Keller companies Case Foundation and Bencor have completed the foundations for a development that will span the I-395 highway in Washington, US.
The 204M.m² Capitol Crossing development will span a sunken part of six-lane I-395 highway, with the initial designs to build a platform supported on 149 drilled shafts using 10 different pile sizes ranging from 1m to 3.6m in diameter.
Keller said: “We worked with the design team and made recommendations to reduce the number of shafts required. We carried out rigorous load tests installed with the support of our McKinney Drilling colleagues several months prior, giving the project team confidence in streamlining the design.
“This resulted in a reduction of the number of different diameter sizes to four (ranging from 90cms 3 to 2.4m), leading to a 6.5% reduction in project foundation costs and 10% reduction in the foundation construction schedule.”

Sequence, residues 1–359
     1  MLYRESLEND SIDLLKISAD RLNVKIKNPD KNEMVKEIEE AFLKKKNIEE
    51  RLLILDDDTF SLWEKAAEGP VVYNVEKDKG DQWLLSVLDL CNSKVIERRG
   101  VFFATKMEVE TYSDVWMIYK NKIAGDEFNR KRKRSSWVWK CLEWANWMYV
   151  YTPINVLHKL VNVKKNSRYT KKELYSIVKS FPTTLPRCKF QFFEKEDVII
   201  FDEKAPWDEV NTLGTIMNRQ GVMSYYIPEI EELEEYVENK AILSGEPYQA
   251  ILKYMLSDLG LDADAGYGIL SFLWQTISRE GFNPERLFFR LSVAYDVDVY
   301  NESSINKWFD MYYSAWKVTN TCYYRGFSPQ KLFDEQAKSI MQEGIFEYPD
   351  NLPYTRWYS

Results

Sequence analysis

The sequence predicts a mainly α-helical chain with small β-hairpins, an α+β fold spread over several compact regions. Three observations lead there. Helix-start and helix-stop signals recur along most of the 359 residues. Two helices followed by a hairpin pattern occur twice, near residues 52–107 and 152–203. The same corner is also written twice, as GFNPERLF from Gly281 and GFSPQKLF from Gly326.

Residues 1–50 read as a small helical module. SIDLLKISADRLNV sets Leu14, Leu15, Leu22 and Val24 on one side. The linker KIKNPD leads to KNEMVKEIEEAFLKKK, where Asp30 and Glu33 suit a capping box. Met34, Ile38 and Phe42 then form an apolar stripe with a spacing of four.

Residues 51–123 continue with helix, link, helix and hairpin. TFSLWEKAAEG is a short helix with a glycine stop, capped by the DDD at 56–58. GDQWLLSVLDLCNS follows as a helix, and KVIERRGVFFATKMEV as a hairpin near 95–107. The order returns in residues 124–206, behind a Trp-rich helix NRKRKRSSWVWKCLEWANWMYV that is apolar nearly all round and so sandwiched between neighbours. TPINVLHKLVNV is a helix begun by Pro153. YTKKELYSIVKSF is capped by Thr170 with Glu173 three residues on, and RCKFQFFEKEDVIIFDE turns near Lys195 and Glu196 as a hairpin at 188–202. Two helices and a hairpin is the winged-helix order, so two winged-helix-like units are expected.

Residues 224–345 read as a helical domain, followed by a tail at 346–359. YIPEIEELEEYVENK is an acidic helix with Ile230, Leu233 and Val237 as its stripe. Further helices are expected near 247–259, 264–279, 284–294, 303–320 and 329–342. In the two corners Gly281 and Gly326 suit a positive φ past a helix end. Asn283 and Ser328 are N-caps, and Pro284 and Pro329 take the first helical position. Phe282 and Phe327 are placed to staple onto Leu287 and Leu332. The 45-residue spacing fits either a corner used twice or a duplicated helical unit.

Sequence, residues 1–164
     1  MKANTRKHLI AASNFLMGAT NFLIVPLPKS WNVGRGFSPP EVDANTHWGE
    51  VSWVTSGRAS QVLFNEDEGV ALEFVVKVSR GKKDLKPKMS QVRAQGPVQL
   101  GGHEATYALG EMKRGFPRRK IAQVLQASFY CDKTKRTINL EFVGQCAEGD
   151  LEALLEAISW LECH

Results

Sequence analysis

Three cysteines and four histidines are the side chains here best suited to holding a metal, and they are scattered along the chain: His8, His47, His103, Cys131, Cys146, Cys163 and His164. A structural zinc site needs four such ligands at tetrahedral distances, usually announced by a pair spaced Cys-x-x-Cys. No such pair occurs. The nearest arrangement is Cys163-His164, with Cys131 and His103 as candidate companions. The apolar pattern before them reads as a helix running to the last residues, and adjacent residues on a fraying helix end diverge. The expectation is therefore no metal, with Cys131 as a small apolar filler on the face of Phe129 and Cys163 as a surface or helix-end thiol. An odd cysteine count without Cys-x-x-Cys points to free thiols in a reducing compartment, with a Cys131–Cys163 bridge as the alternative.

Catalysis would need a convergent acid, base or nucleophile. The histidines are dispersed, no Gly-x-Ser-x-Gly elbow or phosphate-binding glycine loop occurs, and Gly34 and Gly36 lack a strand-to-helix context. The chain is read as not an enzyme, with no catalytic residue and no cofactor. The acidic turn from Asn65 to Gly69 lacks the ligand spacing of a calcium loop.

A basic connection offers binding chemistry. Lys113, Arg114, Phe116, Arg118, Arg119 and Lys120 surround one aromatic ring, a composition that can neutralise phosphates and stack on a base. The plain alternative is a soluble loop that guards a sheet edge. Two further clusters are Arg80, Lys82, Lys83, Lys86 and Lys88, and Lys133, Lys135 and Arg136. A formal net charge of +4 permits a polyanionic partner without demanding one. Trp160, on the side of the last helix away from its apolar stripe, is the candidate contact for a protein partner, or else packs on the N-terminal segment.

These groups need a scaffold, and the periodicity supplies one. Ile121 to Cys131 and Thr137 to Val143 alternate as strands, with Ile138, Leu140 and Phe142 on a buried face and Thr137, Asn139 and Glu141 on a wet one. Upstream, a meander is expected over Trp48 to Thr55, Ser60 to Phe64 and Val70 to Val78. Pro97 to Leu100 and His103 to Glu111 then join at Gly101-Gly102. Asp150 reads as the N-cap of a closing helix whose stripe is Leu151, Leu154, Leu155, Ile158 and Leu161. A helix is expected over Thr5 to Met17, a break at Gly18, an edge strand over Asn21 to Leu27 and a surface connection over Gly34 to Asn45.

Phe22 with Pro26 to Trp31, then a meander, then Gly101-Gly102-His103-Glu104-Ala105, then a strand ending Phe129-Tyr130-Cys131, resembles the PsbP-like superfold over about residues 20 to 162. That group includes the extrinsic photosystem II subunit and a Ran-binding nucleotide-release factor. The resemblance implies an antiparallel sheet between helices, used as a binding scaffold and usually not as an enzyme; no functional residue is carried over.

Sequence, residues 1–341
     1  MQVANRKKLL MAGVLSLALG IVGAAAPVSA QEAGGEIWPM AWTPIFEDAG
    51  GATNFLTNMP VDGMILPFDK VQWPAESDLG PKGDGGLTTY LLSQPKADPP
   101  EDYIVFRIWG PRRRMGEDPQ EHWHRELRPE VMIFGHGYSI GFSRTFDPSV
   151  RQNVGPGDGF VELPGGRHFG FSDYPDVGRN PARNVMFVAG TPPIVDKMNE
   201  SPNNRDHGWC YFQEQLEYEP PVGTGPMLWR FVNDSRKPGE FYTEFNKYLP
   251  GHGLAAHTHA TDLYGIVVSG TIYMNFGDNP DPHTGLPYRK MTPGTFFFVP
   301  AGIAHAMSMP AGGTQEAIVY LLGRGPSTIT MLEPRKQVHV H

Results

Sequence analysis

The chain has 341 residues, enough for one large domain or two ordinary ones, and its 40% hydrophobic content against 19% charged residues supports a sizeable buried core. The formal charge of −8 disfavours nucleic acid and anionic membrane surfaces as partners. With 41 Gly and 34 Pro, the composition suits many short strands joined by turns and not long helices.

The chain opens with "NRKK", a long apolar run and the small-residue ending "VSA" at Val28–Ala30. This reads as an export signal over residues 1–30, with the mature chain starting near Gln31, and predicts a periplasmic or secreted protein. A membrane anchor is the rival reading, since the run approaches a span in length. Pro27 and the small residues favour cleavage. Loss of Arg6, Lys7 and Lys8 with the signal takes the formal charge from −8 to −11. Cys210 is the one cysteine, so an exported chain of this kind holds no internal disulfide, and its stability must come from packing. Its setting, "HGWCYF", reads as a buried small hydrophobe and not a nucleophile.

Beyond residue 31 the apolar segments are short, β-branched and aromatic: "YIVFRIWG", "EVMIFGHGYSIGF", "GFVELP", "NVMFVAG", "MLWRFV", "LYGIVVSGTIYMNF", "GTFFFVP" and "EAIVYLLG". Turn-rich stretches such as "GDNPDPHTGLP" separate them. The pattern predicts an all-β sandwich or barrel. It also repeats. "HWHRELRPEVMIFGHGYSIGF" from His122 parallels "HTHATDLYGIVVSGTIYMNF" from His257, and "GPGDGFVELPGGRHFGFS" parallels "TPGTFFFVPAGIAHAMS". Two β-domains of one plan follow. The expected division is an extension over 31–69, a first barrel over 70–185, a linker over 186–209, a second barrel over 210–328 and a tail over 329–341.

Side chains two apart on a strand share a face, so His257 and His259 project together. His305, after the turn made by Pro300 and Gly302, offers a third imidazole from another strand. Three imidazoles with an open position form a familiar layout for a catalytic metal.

According to Keller, the plan involved the team installing the drilled shafts in four phases, with two drill crews carefully coordinated to minimise disruption. Work within the highway median proved to be one of the most challenging aspects due to a working area barely 9.75m wide – just enough room for the BG-39 rig and 200t crane to pass each other, the firm said.
The piles were installed up to 39.6m deep through sands and lean clays using a combination of polymer slurry and vibratory casing.
Case teamed up with sister company Bencor to construct the slurry (diaphragm) wall.
The Case and Bencor team improved the proposed design and reduced the schedule and costs by eliminating the need for different panel widths and slashing the overall area by 5,000 ft2, according to Keller.
The new design featured 36 panels each 91.4cms wide and installed between 18.6m and 23.2m deep with a total area measuring just under 464.5m².
Moretrench then provided a primary dewatering system of 33 deep wells for the underground car park, using a mud rotary drilling method.
The construction of Capitol Crossing is on schedule to be completed by 2021.